Sustainability is a worthy but elusive goal. For a spectrum of reasons, there is more precedent for initiating projects than maintaining them; it is a sad reality that Africa is littered with failed projects.
History has shown us that the key to sustainability is partnership, genuine partnership. Therefore right from its inception, BUILD has placed a strong emphasis on building up workable and meaningful relationships. A story from Rev Henry Majwala (mentioned in the previous entry) provides an example of what this looks like in practice – of how genuine partnership can fuel sustainable training.
Early on in the development of BUILD, Henry was developing training in one archdeaconry* of a diocese, a diocese which, in the Ugandan context, had above average resources, yet 60% of its local church leaders were without formal training. With minimal outside resources available and in order to implement BUILD training Henry did a number of things. First, he asked each participant to find enough money to buy the training manual, which cost 5,000 UShs (around £1.20). This money was collected and accounted for by the coordinators over the course of the module. Second, each week when they met for training, individuals brought small amounts of around 2,000 UShs (£0.50) to buy food for the participants. They had raised this amount from their congregations the previous Sunday, after explaining to the church the importance and impact of the training. Finally, in one of the parishes, lay readers with bicycles, which accounted for roughly half the members attending the training, collected and transported the others to the event, which itself was held in a church building, therefore ensuring that there were no transport or venue costs.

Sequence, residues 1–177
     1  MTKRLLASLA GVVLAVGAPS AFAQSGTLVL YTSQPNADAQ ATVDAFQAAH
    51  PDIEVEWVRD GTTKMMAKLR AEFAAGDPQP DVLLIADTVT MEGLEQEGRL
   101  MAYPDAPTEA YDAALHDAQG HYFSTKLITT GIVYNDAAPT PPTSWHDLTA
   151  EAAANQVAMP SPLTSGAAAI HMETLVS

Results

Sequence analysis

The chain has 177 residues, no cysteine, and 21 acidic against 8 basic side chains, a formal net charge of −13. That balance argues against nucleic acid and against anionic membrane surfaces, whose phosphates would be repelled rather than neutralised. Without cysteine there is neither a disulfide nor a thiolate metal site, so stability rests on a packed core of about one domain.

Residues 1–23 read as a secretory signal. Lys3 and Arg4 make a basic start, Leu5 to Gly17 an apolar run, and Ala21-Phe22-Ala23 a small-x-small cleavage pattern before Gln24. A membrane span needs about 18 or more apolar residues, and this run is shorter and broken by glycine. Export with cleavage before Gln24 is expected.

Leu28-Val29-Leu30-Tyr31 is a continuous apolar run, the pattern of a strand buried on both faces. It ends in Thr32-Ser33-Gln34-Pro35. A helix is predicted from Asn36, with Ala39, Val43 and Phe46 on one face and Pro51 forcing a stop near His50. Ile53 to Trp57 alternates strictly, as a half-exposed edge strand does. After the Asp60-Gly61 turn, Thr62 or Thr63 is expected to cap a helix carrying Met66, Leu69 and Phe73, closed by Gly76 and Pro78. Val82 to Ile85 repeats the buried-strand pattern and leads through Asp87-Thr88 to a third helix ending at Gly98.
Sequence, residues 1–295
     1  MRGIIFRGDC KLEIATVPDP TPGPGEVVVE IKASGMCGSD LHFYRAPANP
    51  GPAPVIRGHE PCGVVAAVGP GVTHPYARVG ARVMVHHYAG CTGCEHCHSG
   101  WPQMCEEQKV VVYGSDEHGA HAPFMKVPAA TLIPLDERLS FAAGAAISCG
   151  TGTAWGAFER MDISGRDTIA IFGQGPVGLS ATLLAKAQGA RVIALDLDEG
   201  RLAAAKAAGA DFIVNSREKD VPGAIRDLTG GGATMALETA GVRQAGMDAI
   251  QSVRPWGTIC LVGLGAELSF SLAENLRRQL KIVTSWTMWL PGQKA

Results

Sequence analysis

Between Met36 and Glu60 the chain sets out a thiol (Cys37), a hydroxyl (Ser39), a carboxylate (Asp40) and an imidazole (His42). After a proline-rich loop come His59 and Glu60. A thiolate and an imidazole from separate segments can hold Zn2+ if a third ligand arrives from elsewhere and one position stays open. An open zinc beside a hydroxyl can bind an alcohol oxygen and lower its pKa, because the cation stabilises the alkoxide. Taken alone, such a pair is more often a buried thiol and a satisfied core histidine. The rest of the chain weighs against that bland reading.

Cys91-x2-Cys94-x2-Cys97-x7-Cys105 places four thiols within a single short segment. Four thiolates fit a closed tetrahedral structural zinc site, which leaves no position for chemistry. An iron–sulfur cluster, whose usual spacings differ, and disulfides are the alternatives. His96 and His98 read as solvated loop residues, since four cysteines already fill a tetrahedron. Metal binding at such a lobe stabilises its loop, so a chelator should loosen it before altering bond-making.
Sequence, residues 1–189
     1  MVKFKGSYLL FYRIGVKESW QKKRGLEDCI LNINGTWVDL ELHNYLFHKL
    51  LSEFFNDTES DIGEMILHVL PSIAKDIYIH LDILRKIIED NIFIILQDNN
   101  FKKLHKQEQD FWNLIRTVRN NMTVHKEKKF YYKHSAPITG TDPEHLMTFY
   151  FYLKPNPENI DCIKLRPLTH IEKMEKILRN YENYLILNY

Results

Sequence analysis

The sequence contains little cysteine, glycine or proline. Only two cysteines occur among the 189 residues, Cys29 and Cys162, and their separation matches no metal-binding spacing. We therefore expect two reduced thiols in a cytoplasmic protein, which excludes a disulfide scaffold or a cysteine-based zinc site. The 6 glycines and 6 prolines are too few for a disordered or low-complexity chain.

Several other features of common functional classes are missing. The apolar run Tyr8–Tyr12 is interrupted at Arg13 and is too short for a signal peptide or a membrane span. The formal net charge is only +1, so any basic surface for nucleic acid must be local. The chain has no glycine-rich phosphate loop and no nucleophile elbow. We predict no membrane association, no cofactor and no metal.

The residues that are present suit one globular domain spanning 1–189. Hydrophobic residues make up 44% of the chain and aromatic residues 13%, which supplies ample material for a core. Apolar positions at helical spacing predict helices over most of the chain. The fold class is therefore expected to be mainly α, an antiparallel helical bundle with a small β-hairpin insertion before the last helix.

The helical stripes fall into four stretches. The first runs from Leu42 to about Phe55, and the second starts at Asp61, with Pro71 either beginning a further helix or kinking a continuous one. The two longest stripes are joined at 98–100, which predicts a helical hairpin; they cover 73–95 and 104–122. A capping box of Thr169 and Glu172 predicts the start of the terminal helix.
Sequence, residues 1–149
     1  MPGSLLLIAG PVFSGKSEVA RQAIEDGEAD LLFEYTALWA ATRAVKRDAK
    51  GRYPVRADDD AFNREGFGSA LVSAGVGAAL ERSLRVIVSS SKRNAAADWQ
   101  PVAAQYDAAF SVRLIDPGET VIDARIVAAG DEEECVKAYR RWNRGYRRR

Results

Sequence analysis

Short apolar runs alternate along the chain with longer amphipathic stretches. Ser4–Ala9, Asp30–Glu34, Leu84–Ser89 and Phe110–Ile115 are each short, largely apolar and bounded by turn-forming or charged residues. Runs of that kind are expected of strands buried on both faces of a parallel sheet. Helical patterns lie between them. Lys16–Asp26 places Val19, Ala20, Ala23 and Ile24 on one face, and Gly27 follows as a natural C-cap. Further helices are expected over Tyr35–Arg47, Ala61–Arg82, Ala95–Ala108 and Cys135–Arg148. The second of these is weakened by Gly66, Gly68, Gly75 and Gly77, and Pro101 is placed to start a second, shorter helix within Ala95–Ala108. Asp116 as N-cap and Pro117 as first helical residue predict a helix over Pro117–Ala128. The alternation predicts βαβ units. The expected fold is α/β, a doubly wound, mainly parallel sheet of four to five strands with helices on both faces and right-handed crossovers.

The perception on the ground is that Western involvement often takes the shape of heavy initial investment, with external manpower brought in in the shape of development experts and mission partners. This is then followed by tapering support, the return home of the ‘outsider’, and surprise and annoyance when the project begins to unravel.
While BUILD does not claim to have all the answers in this regard, what is somewhat unique about it is that it began as a local initiative with low-level but long-term external investment (human, material and financial), invited in. Throughout, it has been driven from the ground. The local/external partnership continues and has grown in breadth and depth. And so has the work. But as with all things, one can never become complacent. Therefore please pray that BUILD continues to function through genuine partnership, and that we would continue to find creative ways to make it sustainable.
*An archdeaconry is often made up of around five or so parishes, and each parish, in this rural area, might have around ten local churches within it. Therefore an archdeaconry can have anywhere between thirty and sixty local congregations.